Jesus is found among the teachers in the temple, asking them questions. On feasts days and special occasions, famous teachers would teach publicly and anyone who knew the Scriptures could ask questions and debate issues. The surprising thing isn’t that we find a twelve-year-old boy asking questions, but that these wise, educated men are amazed at Jesus’ “understanding and his answers.” This wasn’t just a boy who had a lot of questions, but he was One who well understood the Scriptures.

Mary wants to know why Jesus has treated her like this, because she has been searching for him in “great distress.”

Jesus appears to be just as surprised as Mary – just as amazed as the teachers of the Law – and he says, “Why were you looking for me? Did you not know that I must be in my Father’s house?” Jesus says, “Mom, didn’t you know where to find me? Didn’t you know what I’d be doing?”

The point is: Wisdom leads us to Jesus. Mary should have been wise enough to know precisely where to find Jesus. An angel had appeared and told her that she would bear “the Son of the Most High” (Lk 1:32). As she praises God in Elizabeth’s home, Mary herself says that her Son is the fulfillment of prophecy. Mary had seen shepherds come in response to an angelic announcement and had seen magi come in response to a star. Mary had everything at her disposal to know precisely where Jesus could be found, but for whatever reason she didn’t use her wisdom. You see Wisdom leads us to Jesus.


So, what does all of this have to do with me?

When I need to find Jesus, wisdom will lead me there. If I’m sitting at a hospital about to lose the dearest in all the world, wisdom will tell me where to find Jesus. If the boss says I need to find other employment, wisdom will tell me where to find Jesus. If my marriage is coming apart, wisdom will tell me where to find Jesus.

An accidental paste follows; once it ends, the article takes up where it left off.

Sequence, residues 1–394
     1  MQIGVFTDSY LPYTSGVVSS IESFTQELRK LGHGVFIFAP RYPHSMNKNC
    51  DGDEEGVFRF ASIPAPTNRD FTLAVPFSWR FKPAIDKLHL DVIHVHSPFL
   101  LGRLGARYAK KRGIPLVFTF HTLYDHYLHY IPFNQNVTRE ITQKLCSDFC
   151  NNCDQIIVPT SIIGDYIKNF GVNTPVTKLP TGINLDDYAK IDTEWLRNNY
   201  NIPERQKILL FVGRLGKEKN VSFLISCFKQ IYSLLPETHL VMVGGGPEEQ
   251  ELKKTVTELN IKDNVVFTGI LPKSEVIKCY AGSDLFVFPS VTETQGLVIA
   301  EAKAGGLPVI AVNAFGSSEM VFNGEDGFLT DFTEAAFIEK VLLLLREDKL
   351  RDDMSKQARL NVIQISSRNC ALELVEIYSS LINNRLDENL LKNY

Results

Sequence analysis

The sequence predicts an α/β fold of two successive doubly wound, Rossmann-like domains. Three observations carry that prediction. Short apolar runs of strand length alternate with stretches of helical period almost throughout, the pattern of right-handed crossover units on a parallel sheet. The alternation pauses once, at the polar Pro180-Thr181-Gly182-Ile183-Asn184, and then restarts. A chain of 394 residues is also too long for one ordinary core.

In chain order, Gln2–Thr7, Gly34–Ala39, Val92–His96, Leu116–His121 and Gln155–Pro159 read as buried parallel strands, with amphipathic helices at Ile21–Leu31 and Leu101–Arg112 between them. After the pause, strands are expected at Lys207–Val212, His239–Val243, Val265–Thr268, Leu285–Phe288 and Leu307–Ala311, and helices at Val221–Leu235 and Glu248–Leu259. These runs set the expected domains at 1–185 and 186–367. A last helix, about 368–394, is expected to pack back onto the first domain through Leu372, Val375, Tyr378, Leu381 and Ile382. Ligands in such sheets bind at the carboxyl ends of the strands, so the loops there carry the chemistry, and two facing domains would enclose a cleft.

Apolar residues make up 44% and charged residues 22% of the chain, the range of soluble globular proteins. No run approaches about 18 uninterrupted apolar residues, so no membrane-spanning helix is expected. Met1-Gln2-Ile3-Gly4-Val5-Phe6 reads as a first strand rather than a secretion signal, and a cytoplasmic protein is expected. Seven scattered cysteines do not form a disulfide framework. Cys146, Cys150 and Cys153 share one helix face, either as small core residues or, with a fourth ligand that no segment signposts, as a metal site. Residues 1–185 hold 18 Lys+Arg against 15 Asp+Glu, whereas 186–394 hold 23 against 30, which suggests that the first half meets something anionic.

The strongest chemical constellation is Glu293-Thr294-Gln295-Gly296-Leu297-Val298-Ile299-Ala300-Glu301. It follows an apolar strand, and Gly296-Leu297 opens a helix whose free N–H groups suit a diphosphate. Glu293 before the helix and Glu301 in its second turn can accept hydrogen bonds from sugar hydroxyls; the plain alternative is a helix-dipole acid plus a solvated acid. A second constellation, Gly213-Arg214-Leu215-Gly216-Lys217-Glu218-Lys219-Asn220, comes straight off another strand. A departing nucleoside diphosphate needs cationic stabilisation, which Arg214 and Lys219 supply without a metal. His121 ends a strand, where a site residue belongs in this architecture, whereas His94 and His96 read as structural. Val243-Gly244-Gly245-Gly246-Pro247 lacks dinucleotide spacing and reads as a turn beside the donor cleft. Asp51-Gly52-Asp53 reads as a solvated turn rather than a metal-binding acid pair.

So, what are we supposed to do? Jesus can, of course, be found in Scripture: “You search the Scriptures because you think that in them you have eternal life; and it is they that bear witness about me” (Jn 5:39). Thus, if I want to know where to find Jesus when everything is falling apart, I need to know the Word of God.

Here’s what I’d like to see you do this week. Take seven of your worst fears: the loss of a loved one, the loss of a job, the loss of your health, etc. Some of those fears could very well happen. I want you to take one of those fears each day, take your Bible, and find Scriptures that speak to that fear. Write those Scriptures on a piece of paper and tuck that paper somewhere safe. Then, when you face that fear in reality, you have the wisdom to lead you to Jesus.

What would this church be like if we remember – even in our darkest moments – that Wisdom leads us to Jesus? What impact might we have on the doctor if, instead of falling apart when he told us devastating news, we keep our heads and know where to find Jesus?

Many years ago, a member of the church was having heart surgery. I was there along with many other members of the congregation. The surgeon came out to tell the family that things didn’t look so good – the faulty valve had been replaced, but when they went to restart the heart, it just didn’t beat right. Before the doctor could leave, one of the members of the church jumped up and said, “Let’s pray.” You really needed to know this brother, but he wasn’t going to allow that doctor to leave without prayer – no ands, if, or buts about it! The doctor left to try to get the heart going again.

He came back a short time later to tell us that the guy was out of surgery – something the doctor never expected. The doctor said that he never stayed with families while they prayed (that, you understand, is outside the realm of medicine). But, the doctor went on to say what an impact that prayer had on him and how surprised he was to find a family in deep distress turn, not on him in anger, but on the Lord in dependence. In all disclosure, the man who had surgery died, but the point is: The family had wisdom to know where to find Jesus and impacted the doctor because of it.

What impact might you make on that boss who fires you if, instead of lashing out at him in anger, you use your wisdom to turn to Jesus?

What impact might you make on your marriage if you use wisdom to turn to Jesus?

This sermon was originally preached by Dr. Justin Imel, Sr., at the Dale Ridge church of Christ in Roanoke, Virginia.